The recently instigated series 'Studies in International Performance' from Palgrave Macmillan is currently providing some of the most interesting, thought provoking, and indeed necessary research in the field of comparative performance studies. As well as the two texts reviewed here, we should note Judith Hamera's Dancing Communities: Performance, Difference and Connection in the Global City and Christopher Balme's Pacific Performances: Theatricality and Cross-Cultural Encounter in the South Seas. The guiding motivation behind this series, born out of the aspirations and culture of the International Federation for Theatre Research, is made clear by an introductory preface from its overseeing editors, Janelle Reinelt and Brian Singleton. The series has been deemed timely and necessary, as they put it, because 'it has become increasingly urgent for performance scholars to expand their disciplinary horizons to include the comparative study of performances across national, cultural, social and political borders'. One can only agree with this analysis ofthe place ofthe performance scholar in tracking the cultural impact of the globalised turn in identarian politics. The real importance of such work, as they put it, is that as well as countering ' the homogenizing tendency to limit performance paradigms to those familiar in our home countries', it also provides an amenable context within which a new kind of performance scholarship can be privileged - scholarship 'that takes account of and embraces the complexities of transnational cultural production, the new media, and the economic and social consequences of increasingly international forms of artistic expression'. This is an argument with far- reaching implications, and there is certainly something bravely ambitious in Reinelt and Singleton's assertion that '[C]omparative aesthetics can challenge the limitations of perception and current artistic knowledges'. In the increasingly globalised context within which contemporary cu ltural production and reception are sited, performance in all its forms is necessarily (regardless of whether this is made explicit or kept more covert) engaged with processes and frames of reference that are transnational and/or deconstructive of essentialist notions ofnational stability. The individual studies that make up this series each clearly take as their aim the exploration of the forces, pressures, needs, fears and desires that shape the modem experience of performing identity in a world of complex negotiation and slippage.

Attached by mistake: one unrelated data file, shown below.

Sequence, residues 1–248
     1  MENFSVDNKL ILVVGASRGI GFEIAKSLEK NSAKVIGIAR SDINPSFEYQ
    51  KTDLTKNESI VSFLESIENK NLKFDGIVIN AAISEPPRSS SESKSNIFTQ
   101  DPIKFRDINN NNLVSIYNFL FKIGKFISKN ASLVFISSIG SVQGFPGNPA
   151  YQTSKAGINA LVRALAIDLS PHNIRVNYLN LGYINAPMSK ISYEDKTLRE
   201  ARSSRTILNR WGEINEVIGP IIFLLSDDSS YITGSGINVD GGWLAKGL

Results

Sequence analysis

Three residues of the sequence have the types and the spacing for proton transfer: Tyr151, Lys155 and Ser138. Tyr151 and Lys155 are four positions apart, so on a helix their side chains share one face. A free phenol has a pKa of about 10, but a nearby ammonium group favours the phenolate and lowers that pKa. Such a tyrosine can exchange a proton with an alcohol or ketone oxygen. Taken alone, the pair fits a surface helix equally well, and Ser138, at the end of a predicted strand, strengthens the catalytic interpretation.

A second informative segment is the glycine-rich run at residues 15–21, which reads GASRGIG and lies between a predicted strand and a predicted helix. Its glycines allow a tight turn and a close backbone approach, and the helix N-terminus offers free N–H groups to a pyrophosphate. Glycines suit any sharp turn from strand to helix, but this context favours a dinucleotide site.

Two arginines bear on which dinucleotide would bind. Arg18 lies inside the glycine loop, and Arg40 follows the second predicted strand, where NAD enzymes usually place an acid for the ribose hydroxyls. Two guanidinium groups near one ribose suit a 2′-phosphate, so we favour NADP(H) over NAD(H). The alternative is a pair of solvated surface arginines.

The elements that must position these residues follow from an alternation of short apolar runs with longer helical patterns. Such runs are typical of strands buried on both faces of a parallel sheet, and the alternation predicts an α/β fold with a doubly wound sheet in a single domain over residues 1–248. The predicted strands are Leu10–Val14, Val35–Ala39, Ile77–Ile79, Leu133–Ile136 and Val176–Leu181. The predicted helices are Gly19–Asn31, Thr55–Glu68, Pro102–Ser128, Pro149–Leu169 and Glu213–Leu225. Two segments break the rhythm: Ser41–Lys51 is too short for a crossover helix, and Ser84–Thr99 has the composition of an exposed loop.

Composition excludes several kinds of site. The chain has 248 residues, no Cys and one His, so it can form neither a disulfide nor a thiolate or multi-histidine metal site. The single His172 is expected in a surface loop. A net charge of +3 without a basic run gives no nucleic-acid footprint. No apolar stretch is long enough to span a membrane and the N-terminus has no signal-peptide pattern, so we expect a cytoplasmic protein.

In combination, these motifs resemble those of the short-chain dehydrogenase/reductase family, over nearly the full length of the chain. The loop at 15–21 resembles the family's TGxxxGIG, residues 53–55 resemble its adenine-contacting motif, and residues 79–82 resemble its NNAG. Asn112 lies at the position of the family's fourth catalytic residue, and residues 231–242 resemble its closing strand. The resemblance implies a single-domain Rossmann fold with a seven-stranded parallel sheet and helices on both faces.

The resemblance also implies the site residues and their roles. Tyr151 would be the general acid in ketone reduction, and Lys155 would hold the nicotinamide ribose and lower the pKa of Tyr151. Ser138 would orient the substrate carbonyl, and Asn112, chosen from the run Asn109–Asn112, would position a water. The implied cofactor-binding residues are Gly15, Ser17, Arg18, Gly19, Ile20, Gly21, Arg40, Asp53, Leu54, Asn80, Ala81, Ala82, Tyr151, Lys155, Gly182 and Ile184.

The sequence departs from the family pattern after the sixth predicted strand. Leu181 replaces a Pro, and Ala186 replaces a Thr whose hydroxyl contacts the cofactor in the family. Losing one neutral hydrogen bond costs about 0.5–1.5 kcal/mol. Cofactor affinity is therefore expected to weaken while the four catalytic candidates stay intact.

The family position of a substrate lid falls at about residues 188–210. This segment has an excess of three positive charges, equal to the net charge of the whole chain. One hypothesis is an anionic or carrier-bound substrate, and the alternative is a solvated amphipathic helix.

Review of Performance and Cosmopolitics: Cross-Cultural Transactions in Australasia, by Helen Gilbert and Jacqueline Lo, and Unsettling Space: Contestations in Contemporary Australian Theatre, by Joanne Tompkins.
Cite as: McNulty, Eugene. ‘Review of Performance and Cosmopolitics: Cross-Cultural Transactions in Australasia, by Helen Gilbert and Jacqueline Lo, and Unsettling Space: Contestations in Contemporary Australian Theatre, by Joanne Tompkins..’ Australian Literary Studies, vol. 23, no. 3, 2008. https://doi.org/10.20314/als.e2ffd10e54.